Tony Avila Sampson

The Tongue - Poem by Tony Avila Sampson

To slip on the pavement is a far better pain,
Than the tongue that slips, its trouble to gain;

A sweltering tongue comes full of much scorn,
The razor sharp words of a maleficent thorn;

Just little be said can bring anger so large,
From an aspersing tongue whose trouble will charge;

Malicious invectiveness rolls from the tongue,
In a simple breath, revilement is sprung;

Pesky tongues need not be long-winded,
While bringing such hurt upon those made offended,

Misuse of the tongue, its craftiness deceive,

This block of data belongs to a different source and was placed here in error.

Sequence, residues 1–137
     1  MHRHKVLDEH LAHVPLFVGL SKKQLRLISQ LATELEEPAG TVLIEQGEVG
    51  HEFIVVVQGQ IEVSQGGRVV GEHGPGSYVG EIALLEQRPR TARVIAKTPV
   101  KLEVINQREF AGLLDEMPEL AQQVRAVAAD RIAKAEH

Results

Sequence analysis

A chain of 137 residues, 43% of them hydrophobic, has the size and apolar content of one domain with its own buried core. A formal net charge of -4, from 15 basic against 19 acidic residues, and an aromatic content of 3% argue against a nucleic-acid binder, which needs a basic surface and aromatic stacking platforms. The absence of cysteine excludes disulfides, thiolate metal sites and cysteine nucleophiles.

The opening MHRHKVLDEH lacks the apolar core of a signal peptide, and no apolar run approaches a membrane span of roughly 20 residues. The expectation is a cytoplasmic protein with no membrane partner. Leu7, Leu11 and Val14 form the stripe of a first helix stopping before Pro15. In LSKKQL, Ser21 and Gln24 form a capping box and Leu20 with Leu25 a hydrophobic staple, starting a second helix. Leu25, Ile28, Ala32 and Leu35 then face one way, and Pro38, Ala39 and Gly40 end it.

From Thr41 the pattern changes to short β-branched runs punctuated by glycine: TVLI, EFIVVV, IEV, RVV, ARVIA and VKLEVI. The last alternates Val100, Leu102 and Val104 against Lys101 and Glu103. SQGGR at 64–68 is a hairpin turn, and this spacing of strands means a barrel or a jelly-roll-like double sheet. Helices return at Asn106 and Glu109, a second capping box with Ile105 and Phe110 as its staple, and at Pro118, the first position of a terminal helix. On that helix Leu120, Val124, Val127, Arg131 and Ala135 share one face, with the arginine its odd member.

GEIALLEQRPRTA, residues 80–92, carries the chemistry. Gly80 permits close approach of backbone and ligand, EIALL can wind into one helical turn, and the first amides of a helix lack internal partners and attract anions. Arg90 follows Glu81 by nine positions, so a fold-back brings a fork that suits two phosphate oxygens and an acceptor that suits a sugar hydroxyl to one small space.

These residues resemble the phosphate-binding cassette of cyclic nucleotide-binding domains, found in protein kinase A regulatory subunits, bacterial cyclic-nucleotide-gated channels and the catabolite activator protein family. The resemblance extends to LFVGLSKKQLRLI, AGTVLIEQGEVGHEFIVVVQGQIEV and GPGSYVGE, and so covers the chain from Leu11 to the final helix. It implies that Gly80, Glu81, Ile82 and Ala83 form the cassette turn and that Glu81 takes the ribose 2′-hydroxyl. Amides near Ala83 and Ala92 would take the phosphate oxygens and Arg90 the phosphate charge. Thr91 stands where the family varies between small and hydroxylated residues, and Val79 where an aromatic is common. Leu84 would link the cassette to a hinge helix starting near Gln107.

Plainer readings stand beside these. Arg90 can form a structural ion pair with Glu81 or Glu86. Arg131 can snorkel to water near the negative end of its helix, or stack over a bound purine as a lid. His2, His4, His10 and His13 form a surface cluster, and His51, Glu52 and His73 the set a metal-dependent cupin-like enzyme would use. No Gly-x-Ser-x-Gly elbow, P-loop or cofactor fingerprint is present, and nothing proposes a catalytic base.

Lurks in the breath made upon ears that receive;

The talebearer's whisper heard loud as a horn,
Deliberate misstatement, shameless laughter is born;

Comments about The Tongue by Tony Avila Sampson

  • Kim Barney (1/8/2015 8:34:00 AM)

    So much truth in this poem. I'm surprised no one has commented before. (Report)Reply

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Read poems about / on: anger, laughter, pain, spring, wind

Poem Submitted: Friday, June 3, 2005

Poem Edited: Thursday, February 20, 2014

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